Who’d have thought a novel written from the point of view of a fourteen-year-old American chapel-going girl would find favour with an agnostic British male pensioner? This one did, and how!
Lily is given an authentic voice by the writer so that there’s no danger of author intrusion in this tale of prejudice, faith, injustice and coming of age. It’s always both fascinated and amazed me that the deep south of the USA, with its large population of holier than thou churchgoers was also the hotbed of slavery and racial prejudice. It’s as if the true message of the New Testament never made it through the ignorance and the concept of hypocrisy never arose. But it can’t be as simple as that, since many well-educated folk were every bit as prejudiced on the grounds of skin colour alone.
This novel is set against the background of the early results of the move towards the removal of racial discrimination: a move that seems to have a long way yet to go. Some of the events are alien to the culture of rural Britain, where religion is treated with the suspicion, if not the contempt, it deserves. The unthinking cruelty, ignorance, and pointless prejudice of the times and the region are wonderfully portrayed along with the corruption of their policing system.
But it is Lily’s innocent pursuit of justice that most strongly drives this story. She is an intelligent and troubled girl in search of love, and desperate for answers to the mysteries of her life. Her courage and determination, mingled with the wonderful imagination and self-preserving lies she employs to survive in a strange and alien environment, are beautifully conveyed. Character is the most important element of any novel and here we come across a cast of real, credible and interesting people. Mood, atmosphere, emotion and state of mind all rise effortlessly from the page.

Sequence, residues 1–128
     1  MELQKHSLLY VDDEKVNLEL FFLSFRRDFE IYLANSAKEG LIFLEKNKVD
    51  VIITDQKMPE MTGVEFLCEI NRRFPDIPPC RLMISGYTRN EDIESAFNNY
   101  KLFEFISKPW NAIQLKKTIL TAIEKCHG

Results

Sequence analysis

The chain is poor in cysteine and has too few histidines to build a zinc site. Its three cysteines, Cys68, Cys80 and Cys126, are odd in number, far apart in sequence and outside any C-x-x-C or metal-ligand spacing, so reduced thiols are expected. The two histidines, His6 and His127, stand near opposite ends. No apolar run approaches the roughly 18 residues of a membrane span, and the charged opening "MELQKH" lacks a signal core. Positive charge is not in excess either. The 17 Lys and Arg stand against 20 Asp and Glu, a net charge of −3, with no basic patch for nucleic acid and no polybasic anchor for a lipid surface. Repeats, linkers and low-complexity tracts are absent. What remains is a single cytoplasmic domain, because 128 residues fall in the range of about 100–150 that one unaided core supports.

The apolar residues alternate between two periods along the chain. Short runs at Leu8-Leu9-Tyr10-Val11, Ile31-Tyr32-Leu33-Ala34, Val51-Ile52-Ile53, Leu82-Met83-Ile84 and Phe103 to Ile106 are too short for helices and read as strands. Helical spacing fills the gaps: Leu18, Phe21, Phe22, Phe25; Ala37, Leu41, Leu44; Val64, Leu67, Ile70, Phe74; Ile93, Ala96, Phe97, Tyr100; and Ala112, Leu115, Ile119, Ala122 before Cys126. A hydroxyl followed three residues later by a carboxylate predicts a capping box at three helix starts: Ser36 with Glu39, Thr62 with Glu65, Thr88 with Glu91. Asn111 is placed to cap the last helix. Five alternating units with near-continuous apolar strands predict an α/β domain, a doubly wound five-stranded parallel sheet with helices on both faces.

There are passages where little happens, but the descriptions and attention to detail carry the reader through these quiet times, preparing the ground for the upheavals and tensions that make this book a real page-turner. The portrayal of the local distortions of the Catholic faith, exemplifying how such belief systems allow myth and legend to take on the mantle of truth and fact, is cleverly interwoven into the narrative. And the references to the lives of the honey bees, that form a central theme and allegory to the tale, are well researched and fascinating in themselves.
I was able to picture the countryside with its wild aspects mingled with the towns and farms, see the pink house and the orchards with their hives, appreciate the clothing and styles of the characters, and enjoy the flavours and aromas of the food they served and ate.
There is sadness, brutality, joy, corruption, innocence, exploitation, ignorance, danger, exploration, love, and the first stirrings of desire in this beautifully written novel. I can’t now recall how I came across it; I suspect it was on of one of those lists of books recommended by avid readers. I’m glad I did, however, as I thoroughly enjoyed it.